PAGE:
We saw a skate park, and it was fun to watch local boys (no girls yet) using scooters and bikes on a small skate park on the waterfront.
Among the shops selling snacks (especially ice cream and steamed corn), virtual reality experiences were being sold to kids. I would describe it as almost one of those “5D” rides where you sit in a moving chair, while watching a screen. Except in this case, customers wore VR glasses while the ride operator manually moved the chair. I can only imagine what a good workout it is for those guys by the end of the day. I found it too hilarious and made a video.
After leaving the waterfront, we saw a random church and took a detour in our walk to grab a picture. I’ve found so far that all of the religious buildings (mostly Orthodox churches) are beautifully designed, often with gold painted domes.
I’m also a sucker for nice graffiti.
Next, we walked up to a nice viewpoint of the bridge and harbour. Vladivostok is famous for being fairly hilly and a fairly new suspension bridge crossing part of the harbour. With all these features, I had read that people compare the city to San Francisco.
The bridge behind us is quite unique because of the curved design. It seemed to be one of the most popular attractions in the city, because just as we were arriving, a large Chinese tour group was leaving, and as we were leaving, a large Korean tour group was arriving.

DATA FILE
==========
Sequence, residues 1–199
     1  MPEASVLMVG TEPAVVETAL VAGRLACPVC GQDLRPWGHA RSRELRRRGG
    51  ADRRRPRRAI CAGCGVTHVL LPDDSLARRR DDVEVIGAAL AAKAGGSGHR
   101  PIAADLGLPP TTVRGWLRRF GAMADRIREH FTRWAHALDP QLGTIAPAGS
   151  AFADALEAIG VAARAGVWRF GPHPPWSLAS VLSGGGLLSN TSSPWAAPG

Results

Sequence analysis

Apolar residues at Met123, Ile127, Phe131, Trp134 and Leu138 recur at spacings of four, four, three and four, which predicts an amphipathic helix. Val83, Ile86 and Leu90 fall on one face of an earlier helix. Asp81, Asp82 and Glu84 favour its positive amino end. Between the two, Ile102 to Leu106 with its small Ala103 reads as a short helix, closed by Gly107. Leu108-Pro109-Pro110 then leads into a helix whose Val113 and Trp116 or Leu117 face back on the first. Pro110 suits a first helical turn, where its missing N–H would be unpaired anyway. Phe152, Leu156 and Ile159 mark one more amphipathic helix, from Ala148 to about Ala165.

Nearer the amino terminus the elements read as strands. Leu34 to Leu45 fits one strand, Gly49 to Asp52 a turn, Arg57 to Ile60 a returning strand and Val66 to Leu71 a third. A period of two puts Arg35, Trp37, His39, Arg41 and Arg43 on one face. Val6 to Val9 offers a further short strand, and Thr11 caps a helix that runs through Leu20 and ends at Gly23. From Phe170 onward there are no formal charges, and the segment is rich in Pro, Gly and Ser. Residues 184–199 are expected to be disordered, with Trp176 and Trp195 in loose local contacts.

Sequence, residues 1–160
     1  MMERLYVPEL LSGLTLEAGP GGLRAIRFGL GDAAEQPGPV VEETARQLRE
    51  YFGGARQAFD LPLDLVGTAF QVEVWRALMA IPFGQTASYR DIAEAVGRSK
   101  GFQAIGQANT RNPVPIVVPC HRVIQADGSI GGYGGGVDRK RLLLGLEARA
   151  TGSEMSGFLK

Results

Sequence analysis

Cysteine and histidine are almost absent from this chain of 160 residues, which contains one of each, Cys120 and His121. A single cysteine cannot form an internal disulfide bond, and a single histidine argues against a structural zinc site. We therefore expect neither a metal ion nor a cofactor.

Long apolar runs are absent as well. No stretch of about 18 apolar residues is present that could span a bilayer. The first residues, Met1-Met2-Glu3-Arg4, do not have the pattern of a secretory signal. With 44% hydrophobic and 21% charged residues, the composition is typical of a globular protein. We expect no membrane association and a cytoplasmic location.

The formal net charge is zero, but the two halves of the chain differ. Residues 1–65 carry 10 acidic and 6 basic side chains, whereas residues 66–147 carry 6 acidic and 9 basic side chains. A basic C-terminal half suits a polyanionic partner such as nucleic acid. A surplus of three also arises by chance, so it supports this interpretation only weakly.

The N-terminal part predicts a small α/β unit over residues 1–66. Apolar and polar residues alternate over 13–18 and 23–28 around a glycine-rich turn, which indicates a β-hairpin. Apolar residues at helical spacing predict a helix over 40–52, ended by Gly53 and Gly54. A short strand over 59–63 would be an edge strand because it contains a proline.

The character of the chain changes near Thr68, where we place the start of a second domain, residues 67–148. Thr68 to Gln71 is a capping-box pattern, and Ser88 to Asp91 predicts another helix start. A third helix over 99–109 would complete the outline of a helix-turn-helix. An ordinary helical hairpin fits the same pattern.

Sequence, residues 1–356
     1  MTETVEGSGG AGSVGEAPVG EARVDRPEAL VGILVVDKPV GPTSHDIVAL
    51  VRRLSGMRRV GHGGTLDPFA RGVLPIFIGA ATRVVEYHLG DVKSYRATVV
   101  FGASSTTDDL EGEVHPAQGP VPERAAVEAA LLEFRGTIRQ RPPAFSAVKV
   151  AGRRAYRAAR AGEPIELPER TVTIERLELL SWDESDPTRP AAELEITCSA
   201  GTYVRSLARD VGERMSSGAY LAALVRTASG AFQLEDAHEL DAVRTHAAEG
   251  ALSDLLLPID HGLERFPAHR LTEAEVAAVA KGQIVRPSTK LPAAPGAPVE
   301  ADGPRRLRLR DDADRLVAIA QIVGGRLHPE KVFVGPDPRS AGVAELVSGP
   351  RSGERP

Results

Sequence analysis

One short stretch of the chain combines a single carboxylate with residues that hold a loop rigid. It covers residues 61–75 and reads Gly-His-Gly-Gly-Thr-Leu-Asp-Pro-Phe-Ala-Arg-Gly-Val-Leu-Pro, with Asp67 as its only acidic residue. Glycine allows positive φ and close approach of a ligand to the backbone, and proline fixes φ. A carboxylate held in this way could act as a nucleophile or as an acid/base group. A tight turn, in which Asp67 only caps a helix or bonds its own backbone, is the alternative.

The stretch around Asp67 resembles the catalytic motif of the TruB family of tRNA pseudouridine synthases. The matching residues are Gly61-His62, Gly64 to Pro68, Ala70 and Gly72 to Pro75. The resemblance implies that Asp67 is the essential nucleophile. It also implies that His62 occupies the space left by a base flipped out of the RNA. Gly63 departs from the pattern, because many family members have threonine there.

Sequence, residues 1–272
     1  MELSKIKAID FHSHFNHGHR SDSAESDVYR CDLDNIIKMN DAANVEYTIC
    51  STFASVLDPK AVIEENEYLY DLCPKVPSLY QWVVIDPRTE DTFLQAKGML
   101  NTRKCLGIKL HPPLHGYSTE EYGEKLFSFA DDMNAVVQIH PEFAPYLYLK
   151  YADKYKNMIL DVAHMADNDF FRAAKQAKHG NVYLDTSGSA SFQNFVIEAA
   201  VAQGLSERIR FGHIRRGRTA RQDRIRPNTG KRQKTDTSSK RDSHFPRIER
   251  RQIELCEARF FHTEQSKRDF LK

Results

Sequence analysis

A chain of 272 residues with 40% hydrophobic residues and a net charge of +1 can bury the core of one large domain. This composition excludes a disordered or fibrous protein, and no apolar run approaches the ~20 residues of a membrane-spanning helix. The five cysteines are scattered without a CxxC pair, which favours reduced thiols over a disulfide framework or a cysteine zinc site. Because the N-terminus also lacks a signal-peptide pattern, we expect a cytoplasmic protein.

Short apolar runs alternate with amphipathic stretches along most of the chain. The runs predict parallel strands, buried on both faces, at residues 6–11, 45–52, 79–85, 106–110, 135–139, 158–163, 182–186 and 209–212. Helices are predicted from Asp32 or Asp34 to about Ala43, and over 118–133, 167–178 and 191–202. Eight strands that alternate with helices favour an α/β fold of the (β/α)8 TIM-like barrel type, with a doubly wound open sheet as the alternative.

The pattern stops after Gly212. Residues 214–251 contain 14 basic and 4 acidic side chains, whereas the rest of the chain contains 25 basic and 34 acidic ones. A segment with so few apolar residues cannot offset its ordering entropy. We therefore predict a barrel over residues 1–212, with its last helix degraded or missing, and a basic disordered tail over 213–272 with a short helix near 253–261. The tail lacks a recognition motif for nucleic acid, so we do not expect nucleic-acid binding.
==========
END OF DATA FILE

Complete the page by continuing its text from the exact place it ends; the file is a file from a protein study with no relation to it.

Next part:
There were tons of locks left (by couples) on the railings surrounding the viewpoint. Pretty heavy duty locks in my opinion.
The views of the harbour portion were really nice as well. This was very unexpected for us in the Russian Far East.
As we were walking down, I found a nice idea for a DIY home gardening project! Who would have known that painted tires make nice planters?
For dinner, we walked back to our lunch spot to try a couple new items and fill up on some solid food before our night train ride. As you can see I was hungry…
We walked the 10 min back to the railway station, picked up our bags, and headed onto the platform a solid 45 minutes before the 9 pm departure. We were quite early, but wanted to be safe for the first ride. It wasn’t too hard to find the right spot, since there are only 6 platforms in Vladivostok. Even with 6 platforms, the whole area felt quite large to me, with one platform stretching long enough for at least 20 carriages. I was entertained taking pictures on the platform. The train below was just decoration.
Below is the outside of all Russian Rail passenger carriages.
When we got on, we were quite tired from the travel, jet lag, and lack of sleep. After observing how small our 2nd class compartment (4 bunks) was, there was time for one picture (I know a little dark) before being lulled into a deep sleep by the rocking of the train. Later on, I didn’t feel like the compartments were too small to be comfortable – it was just a first impression after not having been on a long-distance train for a while. Another nice thing about the train was how clean it was, even the bathrooms (although that could have been because Vladivostok was the train’s departure terminal).
Overall, we felt like the one day in Vladivostok was just right. It was a long, but rewarding day of exploring without very many “spots to hit”.